The City of Hope hosted the last of three breakfasts on Tuesday morning (June 25) to kick off its 2019 fundraising campaign on behalf of this year’s Spirit of Life Award honoree, Epic Records chairman/CEO Sylvia Rhone. The organization’s annual gala dinner will take place Oct. 10 at the Barker Hangar in Santa Monica, Calif.
Rhone is the first African-American woman to be presented with the Spirit of Life Award. During her speech, she talked about the importance of inclusion in helping the City of Hope wage its ongoing fight to cure and ultimately prevent cancer and diabetes. She also issued a friendly industry challenge.
“I knew little about the purpose of the City of Hope back in 1974 when I started in the business as a secretary at Buddah Records,” Rhone said. “But I was always in awe of the evening and the legendary men that they honored. I now understand and am committed to the City of Hope’s purpose. I’m extremely proud and honored to come full-circle as the first black woman to be an honoree.”
Rhone continued, “Now it’s my time, it’s our time, to take on this tremendous responsibility to help the future well-being of people. The power is in this room to change the outcome of diseases like cancer. So please help us in making this a banner year. Big Jon [Sony/ATV chairman/CEO Jon Platt, last year’s Spirit of Hope honoree] is my brother, but I want to be Jon. I want to be [12 Tone Music Group founder and former Spirit honoree] Doug Morris, who raised $10 million. There’s a whole group of faces here that have never sat in this room. Now we’re in the house. And when you’re in the house, you have a responsibility. Let’s do it.”
Motown president Ethiopia Habtemariam introduced Rhone, noting that their paths first crossed when Habtemariam was a young intern at Elektra when Rhone helmed the company as chairman/CEO. “Sylvia has walked the walk,” Habtemariam said. “She’s a woman, a black woman, that has been passionate about music, artists and always helping executives along their journeys. Thank you [Sylvia] for walking in grace, thank you for always holding your power. We honor, love and respect you and will continue to show up for you.”
Co-chairs for the forthcoming City of Hope gala are Sony Music Entertainment CEO Rob Stringer, Sony/ATV’s Platt, The Azoff Company chairman/CEO Irving Azoff and LaPolt Law founder/owner Dina LaPolt.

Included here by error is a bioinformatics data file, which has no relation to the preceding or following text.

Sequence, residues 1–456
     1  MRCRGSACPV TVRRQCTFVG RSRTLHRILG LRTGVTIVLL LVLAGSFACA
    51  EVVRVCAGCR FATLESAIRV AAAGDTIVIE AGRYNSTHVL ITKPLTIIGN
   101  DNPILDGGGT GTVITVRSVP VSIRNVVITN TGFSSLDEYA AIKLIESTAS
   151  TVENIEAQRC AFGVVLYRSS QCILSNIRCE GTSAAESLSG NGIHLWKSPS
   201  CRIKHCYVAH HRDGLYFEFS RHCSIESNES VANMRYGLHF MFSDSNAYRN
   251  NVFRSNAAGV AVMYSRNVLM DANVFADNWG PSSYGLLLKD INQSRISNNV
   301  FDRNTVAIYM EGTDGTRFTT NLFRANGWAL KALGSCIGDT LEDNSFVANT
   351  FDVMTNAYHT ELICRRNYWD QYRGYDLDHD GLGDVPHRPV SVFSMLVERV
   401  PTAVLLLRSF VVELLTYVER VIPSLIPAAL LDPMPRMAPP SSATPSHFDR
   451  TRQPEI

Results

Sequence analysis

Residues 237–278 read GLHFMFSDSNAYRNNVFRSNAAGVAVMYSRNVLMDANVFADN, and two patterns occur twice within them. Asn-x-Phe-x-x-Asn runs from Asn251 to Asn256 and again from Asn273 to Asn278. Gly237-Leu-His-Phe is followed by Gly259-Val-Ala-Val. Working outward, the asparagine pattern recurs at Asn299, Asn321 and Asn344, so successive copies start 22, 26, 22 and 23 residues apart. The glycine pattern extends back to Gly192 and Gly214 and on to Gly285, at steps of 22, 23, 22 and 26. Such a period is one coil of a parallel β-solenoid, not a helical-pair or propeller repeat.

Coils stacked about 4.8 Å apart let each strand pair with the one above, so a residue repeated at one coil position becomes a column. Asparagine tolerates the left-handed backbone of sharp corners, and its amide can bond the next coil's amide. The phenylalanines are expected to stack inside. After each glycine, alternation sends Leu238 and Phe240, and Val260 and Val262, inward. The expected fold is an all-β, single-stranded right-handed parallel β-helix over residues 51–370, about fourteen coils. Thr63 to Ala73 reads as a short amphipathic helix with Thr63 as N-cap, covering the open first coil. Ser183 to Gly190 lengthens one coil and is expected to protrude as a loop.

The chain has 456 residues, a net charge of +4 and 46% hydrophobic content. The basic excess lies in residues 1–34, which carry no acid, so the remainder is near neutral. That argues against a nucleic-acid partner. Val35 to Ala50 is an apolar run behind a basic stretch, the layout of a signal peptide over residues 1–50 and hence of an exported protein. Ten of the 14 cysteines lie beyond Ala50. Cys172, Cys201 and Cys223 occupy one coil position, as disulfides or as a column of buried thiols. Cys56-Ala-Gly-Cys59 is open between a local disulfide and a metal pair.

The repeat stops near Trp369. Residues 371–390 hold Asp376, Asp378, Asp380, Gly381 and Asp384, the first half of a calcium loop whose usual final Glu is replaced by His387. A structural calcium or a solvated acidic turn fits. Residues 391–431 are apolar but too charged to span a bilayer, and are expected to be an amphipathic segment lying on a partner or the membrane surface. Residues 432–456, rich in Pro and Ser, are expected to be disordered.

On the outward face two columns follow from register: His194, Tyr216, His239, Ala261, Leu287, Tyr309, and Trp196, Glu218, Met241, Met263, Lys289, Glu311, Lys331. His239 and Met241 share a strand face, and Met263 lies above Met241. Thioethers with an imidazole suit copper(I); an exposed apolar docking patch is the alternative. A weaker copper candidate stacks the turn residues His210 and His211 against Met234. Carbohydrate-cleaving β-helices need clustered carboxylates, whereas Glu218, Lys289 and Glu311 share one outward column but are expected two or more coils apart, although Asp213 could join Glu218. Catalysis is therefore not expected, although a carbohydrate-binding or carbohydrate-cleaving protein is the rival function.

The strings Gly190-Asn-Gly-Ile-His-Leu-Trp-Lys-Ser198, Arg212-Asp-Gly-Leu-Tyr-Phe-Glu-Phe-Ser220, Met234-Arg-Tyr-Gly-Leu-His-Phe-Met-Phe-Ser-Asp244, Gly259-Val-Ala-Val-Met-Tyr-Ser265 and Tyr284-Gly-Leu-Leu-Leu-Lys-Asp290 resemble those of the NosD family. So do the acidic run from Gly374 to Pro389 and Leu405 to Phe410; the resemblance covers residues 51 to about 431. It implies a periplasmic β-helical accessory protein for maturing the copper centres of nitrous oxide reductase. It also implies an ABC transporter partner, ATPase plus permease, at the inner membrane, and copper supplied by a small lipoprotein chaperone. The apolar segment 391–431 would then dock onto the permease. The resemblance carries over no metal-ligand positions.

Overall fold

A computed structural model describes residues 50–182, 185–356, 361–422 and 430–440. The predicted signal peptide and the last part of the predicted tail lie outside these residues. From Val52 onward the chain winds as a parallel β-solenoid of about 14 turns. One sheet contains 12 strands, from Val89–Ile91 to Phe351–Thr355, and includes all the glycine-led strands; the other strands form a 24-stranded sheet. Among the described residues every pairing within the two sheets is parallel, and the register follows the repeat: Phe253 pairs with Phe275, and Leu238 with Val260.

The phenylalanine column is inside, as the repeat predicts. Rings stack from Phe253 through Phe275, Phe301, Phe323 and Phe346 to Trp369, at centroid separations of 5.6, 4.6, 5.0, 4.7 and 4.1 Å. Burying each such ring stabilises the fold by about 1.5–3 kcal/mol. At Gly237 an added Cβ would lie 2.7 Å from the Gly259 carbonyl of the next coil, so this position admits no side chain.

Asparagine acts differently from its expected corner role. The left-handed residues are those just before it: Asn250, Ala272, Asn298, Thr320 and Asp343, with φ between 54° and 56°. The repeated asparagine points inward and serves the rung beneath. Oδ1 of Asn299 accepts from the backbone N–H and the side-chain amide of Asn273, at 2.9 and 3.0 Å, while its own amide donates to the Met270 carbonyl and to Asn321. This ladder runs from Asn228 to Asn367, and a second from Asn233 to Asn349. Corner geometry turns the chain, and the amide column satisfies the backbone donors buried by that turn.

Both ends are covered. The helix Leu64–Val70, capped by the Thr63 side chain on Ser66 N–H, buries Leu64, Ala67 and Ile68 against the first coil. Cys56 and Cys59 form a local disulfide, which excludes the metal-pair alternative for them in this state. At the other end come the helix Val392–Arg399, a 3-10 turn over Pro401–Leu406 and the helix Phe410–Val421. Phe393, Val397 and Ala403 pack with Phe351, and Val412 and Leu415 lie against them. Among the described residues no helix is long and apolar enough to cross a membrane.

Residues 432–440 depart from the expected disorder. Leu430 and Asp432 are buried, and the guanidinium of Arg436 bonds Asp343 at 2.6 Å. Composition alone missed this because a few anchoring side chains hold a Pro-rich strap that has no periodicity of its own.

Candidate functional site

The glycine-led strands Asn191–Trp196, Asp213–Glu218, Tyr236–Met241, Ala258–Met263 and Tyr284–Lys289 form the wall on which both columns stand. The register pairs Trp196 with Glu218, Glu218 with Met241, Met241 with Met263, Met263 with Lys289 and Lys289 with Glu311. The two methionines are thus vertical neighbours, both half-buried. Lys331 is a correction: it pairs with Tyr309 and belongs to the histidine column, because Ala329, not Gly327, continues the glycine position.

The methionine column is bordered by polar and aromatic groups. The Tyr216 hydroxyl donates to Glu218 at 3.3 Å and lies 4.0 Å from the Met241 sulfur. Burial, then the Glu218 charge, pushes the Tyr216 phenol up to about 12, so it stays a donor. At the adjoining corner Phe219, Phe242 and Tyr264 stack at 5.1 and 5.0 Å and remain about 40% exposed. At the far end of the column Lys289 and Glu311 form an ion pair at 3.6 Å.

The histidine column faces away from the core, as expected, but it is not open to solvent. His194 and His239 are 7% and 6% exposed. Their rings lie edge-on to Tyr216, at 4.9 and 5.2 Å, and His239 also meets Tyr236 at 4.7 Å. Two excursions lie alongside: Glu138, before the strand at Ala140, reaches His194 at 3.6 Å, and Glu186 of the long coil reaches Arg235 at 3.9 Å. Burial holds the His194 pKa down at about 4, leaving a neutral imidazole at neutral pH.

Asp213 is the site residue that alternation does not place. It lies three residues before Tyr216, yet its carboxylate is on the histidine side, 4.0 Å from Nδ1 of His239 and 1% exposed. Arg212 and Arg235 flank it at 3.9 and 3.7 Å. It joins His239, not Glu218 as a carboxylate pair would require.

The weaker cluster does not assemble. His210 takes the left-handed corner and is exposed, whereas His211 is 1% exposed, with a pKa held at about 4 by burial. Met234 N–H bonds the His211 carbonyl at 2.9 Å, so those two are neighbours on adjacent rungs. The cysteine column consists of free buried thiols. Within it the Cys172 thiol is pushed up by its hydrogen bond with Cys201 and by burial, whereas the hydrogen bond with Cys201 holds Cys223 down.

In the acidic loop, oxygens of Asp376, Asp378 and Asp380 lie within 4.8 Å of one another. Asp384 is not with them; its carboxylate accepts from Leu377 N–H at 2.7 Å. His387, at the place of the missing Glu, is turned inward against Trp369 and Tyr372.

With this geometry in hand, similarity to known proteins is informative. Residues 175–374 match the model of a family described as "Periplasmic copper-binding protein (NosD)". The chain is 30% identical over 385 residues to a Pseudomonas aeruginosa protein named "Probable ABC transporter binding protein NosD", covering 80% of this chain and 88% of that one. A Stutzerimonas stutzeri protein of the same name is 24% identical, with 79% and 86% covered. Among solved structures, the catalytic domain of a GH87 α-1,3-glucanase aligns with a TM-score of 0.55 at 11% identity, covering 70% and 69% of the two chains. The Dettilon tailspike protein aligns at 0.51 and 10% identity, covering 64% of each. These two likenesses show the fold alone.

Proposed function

Among the industry executives in attendance at the LA breakfast were Capitol Music Group COO Michelle Jubilerer, attorney Don Passman, industry pioneer Clarence Avant, Maverick president Greg Thompson, veteran industry executive Phil Quartararo, BMI VP of worldwide creative Barbara Cane, Recording Academy president/CEO Neil Portnow, Myman Greenspan Fineman Fox Rosenberg & Light founder/partner/head of the music department Eric Greenspan and partner Aaron Rosenberg, Warner Chappell Music president, A&R, U.S. Ryan Press, Universal Music Group general counsel/executive vp business and legal affairs Jeffrey Harleston, SOCAN senior A&R executive Erica Grayson, Motown GM Marc Byers, Epic executive VP of A&R Ezekiel Lewis, Columbia co-heads of urban music Phylicia Fant and Shawn Holiday and Friends At Work founder/CEO Ty Stiklorius.
Universal Music Publishing president, North America Evan Lamberg, who also serves as president of City of Hope’s Music, Film and Entertainment Industry Group executive board, opened the proceedings. Before introducing speaker Dr. Loretta Erhunmwunsee — who spoke about health equity and health justice — Lamberg remarked that the LA kick-off breakfast was a record-breaker in regards to attendance. The City of Hope’s two preceding breakfasts took place earlier this month in New York City (June 14) and Atlanta (June 17).